miami-dade transit

Miami Dade Transit Wants More Millenials

Sep 29, 2016
theprismmusicgroup.com

The Miami-Dade department of transportation has hired two organizations to whip up a campaign designed to attract new riders.

Alice Bravo, director of the transportation department, says she hopes the new marketing plan will attract more millennials to Miami’s public transit.

“The young, new millennials are, are I think are more predisposed to use public transportation. They don’t necessarily want to have a car. They see how they can save time, how they can save money.”

Wilson Sayre / WLRN

What happens when you get a group of WLRN listeners together to ride public transit and experience art? They arrive early to an 8 a.m. event.

We rode around the Omni Loop of the Metromover to experience Ivan Depeña's new art project "The Sounds," which uses the tram to whisk you through a growing sound composition that builds to a crescendo at Museum Park Station.

Read more about the project here.

New route and schedule changes for Miami Dade buses will take effect starting this Sunday. Among the changes:  32 stops will have alterations to their current departure times and or pickup and drop off locations.

The new routes will also affect those who use the 95 express busses to reach downtown Miami via the Golden Glades stop in Broward.  

The Biscayne Boulevard and Brickell legs will no longer be in service with altering pickup locations at the Jackson Hospital stops for the morning and evening hours

 

the Miami Herald

 

A better bus system is coming to South Miami-Dade. But according to a group of South-Dade leaders, it’s too little too late. Homestead, Palmetto Bay and a few other cities have joined forces to revolt against the bus system in favor of a light-rail system.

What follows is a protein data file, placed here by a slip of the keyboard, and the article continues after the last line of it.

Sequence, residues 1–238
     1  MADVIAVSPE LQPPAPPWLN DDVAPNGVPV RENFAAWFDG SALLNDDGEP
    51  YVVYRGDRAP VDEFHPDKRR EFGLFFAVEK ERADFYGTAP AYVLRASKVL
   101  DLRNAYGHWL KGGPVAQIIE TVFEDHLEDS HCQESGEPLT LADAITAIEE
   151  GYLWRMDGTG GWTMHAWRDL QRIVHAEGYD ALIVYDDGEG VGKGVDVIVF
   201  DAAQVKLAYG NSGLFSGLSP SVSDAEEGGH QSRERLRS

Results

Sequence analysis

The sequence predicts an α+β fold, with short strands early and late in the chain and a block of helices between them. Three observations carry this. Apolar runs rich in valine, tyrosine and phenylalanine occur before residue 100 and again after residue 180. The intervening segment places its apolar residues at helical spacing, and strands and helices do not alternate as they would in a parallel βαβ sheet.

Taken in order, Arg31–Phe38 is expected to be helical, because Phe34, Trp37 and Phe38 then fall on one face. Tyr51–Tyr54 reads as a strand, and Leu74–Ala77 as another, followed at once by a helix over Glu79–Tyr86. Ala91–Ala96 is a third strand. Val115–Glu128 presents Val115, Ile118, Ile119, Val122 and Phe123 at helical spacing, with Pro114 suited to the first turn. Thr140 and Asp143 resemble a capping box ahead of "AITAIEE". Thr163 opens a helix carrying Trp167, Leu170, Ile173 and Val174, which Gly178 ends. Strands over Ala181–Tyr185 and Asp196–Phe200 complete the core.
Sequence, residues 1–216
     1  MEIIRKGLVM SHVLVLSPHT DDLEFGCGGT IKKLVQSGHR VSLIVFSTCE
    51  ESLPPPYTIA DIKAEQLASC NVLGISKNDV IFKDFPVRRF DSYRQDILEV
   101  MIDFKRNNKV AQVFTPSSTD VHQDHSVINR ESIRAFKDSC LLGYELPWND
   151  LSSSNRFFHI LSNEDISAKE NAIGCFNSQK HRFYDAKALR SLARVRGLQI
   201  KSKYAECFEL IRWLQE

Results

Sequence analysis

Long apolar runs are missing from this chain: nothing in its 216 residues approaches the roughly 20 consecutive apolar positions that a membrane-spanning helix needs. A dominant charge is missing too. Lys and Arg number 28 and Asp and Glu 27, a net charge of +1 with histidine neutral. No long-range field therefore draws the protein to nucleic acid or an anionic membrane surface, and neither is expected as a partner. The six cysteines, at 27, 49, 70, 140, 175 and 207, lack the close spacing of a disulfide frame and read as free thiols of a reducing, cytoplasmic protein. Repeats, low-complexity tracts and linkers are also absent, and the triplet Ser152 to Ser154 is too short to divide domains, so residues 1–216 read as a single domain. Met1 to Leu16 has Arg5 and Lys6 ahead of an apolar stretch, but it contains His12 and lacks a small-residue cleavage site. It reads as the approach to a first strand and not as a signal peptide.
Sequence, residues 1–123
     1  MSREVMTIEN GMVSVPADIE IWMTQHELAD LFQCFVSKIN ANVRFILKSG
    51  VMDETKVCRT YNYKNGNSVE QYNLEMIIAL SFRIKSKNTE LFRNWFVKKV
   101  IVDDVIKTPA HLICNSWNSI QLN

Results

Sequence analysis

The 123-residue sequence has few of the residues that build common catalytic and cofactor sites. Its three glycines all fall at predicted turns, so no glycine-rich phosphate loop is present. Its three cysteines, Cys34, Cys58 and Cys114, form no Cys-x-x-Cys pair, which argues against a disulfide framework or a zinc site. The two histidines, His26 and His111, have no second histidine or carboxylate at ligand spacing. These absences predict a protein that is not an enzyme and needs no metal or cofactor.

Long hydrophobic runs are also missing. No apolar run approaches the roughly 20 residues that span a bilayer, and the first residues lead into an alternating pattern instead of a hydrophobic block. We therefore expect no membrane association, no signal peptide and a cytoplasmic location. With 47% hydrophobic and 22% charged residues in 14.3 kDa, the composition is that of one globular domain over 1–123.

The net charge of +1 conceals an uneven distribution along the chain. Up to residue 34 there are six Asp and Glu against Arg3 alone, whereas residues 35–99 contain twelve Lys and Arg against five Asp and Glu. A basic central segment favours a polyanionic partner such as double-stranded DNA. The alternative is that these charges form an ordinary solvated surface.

They’ve drafted an agreement requiring county transportation officials to persuade the Metropolitan Planning Organization to fund a study on light-rail.

We recently spoke with the mayor of Palmetto Bay, Eugene Flinn, about what forced these leaders to ban together.

Miami-Dade Transit Gets $40M Worth Of New Buses

Nov 9, 2015
Alyssa Méndez Batista / WLRN

Miami-Dade Transit announced Monday the addition of 43 60-foot, diesel-electric buses to its existing metrobus fleet. Transit director Alice Bravo says the initial purchase of this fleet is close to $40 million, which means each bus costs over $900,000.

 

This addition comes on the heels of a Miami Herald investigation into mass transit in the county, published last week. It featured passengers’ complaints about bus schedules and overcrowding.

 

PATRICK FARRELL / Miami Herald

Criticism of Miami-Dade's public bus system can now be quantified -- in 27,000 complaints. 

According to a Miami Herald investigation that analyzed the high volume of complaints spanning the last 18 months, the most common question bus riders ask themselves is "Where's my bus?"

Other common infractions: Rude drivers, overcrowded routes and dirty busses. Really dirty -- roach-level dirty. 

Graphic by Uber. Color darkened by WLRN for clarity.

As of Friday, Uber is no longer in business in Broward County, after the company called the county's regulations "onerous" this month.

County commissioners drafted a lawsuit stating Uber has not complied with the state's background check and insurance regulations.

Miami-Dade's new transit director, Alice Bravo, told Miami New Times she hopes Miami will move toward becoming "car-optional."

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